A spokesman for General Dynamics Land Systems – Canada who was shown the video would neither confirm nor deny that the vehicles shown in the video are in fact LAVs, saying it was up to their “government customers to identify their vehicles.”

“General Dynamics Land Systems-Canada exports in full compliance with the laws of Canada,” Doug Wilson-Hodge, the company’s manager of corporate affairs, said in brief statement send to RCI and CBC.

Officials at Global Affairs Canada, the federal agency that deals with export permits for military, strategic and dual use goods, said they could not comment on the new video until its authenticity is confirmed.

But speaking to journalists on Monday, Foreign Affairs Minister Chrystia Freeland said she was concerned about the reports of Canadian military equipment being used in the crackdown on the Shia minority.

“I have instructed our department and my officials to very energetically and very carefully review the reports and review the information, and research what is happening,” Freeland said, speaking from Manila.

“We are absolutely committed to defend the human rights and we condemn all violations of human rights. We also are very clear that we expect end users of any and all exports to abide by the terms of our export permits.”

However, Global Affairs officials said their investigation focuses on the reports of Terradyne APCs and not the new reports of possible deployment of LAVs produced by General Dynamics Land Systems – Canada.

Conservative foreign affairs critic Peter Kent called on the Liberals to terminate export permits if there is “hard evidence” the Canadian armoured vehicles are being used against Saudi Arabia’s Shia minority.

He urged the government to act quickly.

“How long will it take to determine the facts, make a decision and share it with Canadians?” Kent said.

When the initial deal was signed by the previous Conservative government in 2014, the end-user conditions were contingent on Saudi Arabia not using the LAVs against its own civilian population, Kent said.

The newest version of the Canadian-made Light Armoured Vehicle is called LAV 6.0. The contract to supply hundreds of vehicles to Saudi Arabia is worth $15 billion.
The newest version of the Canadian-made Light Armoured Vehicle is called LAV 6.0. The contract to supply hundreds of vehicles to Saudi Arabia is worth $15 billion. © General Dynamics Ltd. Canada

Daniel Turp, a professor of international and constitutional law who in March 2016 launched a legal challenge to force the Liberal government to cancel the multibillion deal and annul the export permits for LAV 6.0, said that if confirmed that the vehicles are in fact Canadian-produced and that they have been used to commit breaches of human rights in Saudi Arabia, the video could bolster his case against Ottawa.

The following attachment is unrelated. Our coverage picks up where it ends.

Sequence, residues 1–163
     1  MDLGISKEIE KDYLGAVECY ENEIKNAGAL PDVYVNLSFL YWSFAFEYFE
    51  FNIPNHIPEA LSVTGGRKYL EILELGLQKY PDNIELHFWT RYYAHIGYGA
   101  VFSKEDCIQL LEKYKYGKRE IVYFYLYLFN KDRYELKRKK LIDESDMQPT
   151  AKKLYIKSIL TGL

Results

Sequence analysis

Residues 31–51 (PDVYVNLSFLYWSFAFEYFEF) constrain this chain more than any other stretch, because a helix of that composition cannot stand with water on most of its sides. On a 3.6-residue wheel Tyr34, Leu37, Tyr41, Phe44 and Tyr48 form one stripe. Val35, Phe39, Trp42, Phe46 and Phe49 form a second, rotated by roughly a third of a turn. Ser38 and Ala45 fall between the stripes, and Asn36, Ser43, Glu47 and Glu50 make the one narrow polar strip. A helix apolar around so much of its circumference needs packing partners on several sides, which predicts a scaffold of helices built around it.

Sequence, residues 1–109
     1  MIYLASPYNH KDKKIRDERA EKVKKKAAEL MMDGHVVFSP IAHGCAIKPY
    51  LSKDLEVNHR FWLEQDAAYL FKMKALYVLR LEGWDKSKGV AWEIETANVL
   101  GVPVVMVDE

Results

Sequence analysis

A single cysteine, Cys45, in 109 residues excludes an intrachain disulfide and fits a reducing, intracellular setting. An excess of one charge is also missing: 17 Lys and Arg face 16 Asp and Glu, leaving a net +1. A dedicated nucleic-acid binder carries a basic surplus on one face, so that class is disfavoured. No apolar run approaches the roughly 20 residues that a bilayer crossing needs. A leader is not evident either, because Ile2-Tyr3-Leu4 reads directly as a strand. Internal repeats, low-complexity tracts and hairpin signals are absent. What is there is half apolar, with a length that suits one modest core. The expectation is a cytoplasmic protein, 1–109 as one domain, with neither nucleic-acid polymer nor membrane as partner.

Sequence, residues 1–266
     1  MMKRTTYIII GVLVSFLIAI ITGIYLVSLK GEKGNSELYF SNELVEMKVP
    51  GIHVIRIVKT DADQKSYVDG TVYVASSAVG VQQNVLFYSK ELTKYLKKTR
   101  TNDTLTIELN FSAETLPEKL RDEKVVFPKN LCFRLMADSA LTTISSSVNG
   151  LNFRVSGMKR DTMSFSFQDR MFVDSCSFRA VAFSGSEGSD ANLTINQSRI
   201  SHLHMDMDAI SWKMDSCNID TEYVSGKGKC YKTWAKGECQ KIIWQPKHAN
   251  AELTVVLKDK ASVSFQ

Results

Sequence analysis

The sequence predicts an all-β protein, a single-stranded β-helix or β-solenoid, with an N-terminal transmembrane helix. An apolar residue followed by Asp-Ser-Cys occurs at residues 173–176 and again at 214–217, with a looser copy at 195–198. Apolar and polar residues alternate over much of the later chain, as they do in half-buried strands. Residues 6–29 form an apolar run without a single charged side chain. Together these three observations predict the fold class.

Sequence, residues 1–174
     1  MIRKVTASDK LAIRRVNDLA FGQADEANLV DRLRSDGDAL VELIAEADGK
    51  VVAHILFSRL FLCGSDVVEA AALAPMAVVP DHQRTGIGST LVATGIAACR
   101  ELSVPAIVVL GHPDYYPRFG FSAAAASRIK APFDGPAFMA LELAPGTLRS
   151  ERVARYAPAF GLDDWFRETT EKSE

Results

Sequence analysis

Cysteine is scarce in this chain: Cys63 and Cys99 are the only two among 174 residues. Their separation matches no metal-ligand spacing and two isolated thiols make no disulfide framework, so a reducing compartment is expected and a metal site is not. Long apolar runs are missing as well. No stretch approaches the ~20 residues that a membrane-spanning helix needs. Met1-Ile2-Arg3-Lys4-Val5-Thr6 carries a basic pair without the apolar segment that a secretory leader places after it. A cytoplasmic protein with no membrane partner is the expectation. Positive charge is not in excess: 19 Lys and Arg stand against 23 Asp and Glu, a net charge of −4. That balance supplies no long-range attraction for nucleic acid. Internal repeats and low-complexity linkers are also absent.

Turp, a former Bloc Québécois MP and Parti Québécois MNA, had argued in court that the federal government’s decision to allow the export permits does not meet the legal requirements under the Export and Import Permits Act and the Geneva Conventions Act.

However, in January 2017 the Federal Court sided with the government. Justice Daniele Tremblay-Lamer ruled that the court could not “pass moral judgement” on the decision by then-foreign affairs minister Stéphane Dion to issue export permits allowing the deal.

“What we need to prove before the Federal Court at the appeal level now is that there is a reasonable risk that military equipment like these vehicles breach human rights,” Turp said Tuesday. “This video, other videos that show other vehicles that were built in Canada or built by a Canadian company this could help very much our case.”

Turp said he is ready to argue the case as early as in September.

“In view of these new facts and evidence that there is a reasonable risk, I’ve sent a formal notice to the minister of foreign affairs to just cancel the export permits that were delivered by Minister Dion in early 2016,” Turp said. “I just hope that happens.”

Share
Tagged with: , , , , ,
Posted in International

Do you want to report an error or a typo? Click here!

@*@ Comments

Leave a Reply

Your email address will not be published. Required fields are marked *

 characters available

Note: By submitting your comments, you acknowledge that Radio Canada International has the right to reproduce, broadcast and publicize those comments or any part thereof in any manner whatsoever. Radio Canada International does not endorse any of the views posted. Your comments will be pre-moderated and published if they meet netiquette guidelines.

Netiquette »